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Title: Improving our fundamental understanding of the role of aerosol-cloud interactions in the climate system

The effect of an increase in atmospheric aerosol concentrations on the distribution and radiative properties of Earth’s clouds is the most uncertain component of the overall global radiative forcing from pre-industrial time. General Circulation Models (GCMs) are the tool for predicting future climate, but the treatment of aerosols, clouds, and aerosol-cloud radiative effects carries large uncertainties that directly affect GCM predictions, such as climate sensitivity. Predictions are hampered by the large range of scales of interaction between various components that need to be captured. Observation systems (remote sensing, in situ) are increasingly being used to constrain predictions but significant challenges exist, to some extent because of the large range of scales and the fact that the various measuring systems tend to address different scales. Fine-scale models represent clouds, aerosols, and aerosol-cloud interactions with high fidelity but do not include interactions with the larger scale and are therefore limited from a climatic point of view. Lastly, we suggest strategies for improving estimates of aerosol-cloud relationships in climate models, for new remote sensing and in situ measurements, and for quantifying and reducing model uncertainty.
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  1. California Inst. of Technology (CalTech), Pasadena, CA (United States)
  2. Univ. of Washington, Seattle, WA (United States)
  3. Univ. of Leeds, Leeds (United Kingdom)
  4. Univ. of Manchester, Manchester (United Kingdom)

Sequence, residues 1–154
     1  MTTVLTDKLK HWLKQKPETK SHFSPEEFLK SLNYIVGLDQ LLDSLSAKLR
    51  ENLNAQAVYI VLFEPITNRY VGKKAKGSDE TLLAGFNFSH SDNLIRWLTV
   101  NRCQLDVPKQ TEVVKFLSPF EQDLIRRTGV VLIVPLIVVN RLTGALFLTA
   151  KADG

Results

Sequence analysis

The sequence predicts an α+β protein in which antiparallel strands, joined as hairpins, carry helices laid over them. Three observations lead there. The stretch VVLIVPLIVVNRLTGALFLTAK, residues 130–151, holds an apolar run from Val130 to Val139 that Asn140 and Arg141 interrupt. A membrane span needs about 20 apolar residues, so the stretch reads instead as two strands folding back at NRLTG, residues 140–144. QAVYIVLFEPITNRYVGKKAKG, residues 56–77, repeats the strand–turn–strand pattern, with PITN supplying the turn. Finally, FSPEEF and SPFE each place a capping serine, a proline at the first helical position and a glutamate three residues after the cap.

5. Colorado State Univ., Fort Collins, CO (United States)
  6. National Academies of Sciences, Engineering, and Medicine, Washington, D.C. (United States)
  7. National Oceanic and Atmosphere Administration, Boulder, CO (United States)
  8. Pacific Northwest National Lab. (PNNL), Richland, WA (United States)
  9. Univ. of California, Irvine, CA (United States)
  10. National Aeronautics and Space Administration, Greenbelt, MD (United States)
  11. Univ. of California, San Diego, La Jolla, CA (United States)
  12. Georgia Inst. of Technology, Atlanta, GA (United States); Institute of Chemical and Biological Engineering, Petras (Greece); National Observatory of Athens, Palea-Pendeli (Greece)
  13. Univ. of Michigan, Ann Arbor, MI (United States)
  14. Princeton Univ. and National Oceanic and Atmospheric Administration, Princeton, NJ (United States)
  15. The Hebrew Univ. of Jerusalem, Jerusalem (Israel)
  16. National Aeronautics and Space Administration, Pasadena, CA (United States)
Publication Date:
Report Number(s):
Journal ID: ISSN 0027-8424; KP1703020
Grant/Contract Number:
Accepted Manuscript
Journal Name:
Proceedings of the National Academy of Sciences of the United States of America
Additional Journal Information:
Journal Volume: 113; Journal Issue: 21; Journal ID: ISSN 0027-8424
National Academy of Sciences, Washington, DC (United States)
Research Org:
Pacific Northwest National Lab. (PNNL), Richland, WA (United States)
Sponsoring Org:
Country of Publication:
United States
54 ENVIRONMENTAL SCIENCES; climate; aerosol-cloud effects; general circulation models; radiative forcing; satellite observations
OSTI Identifier: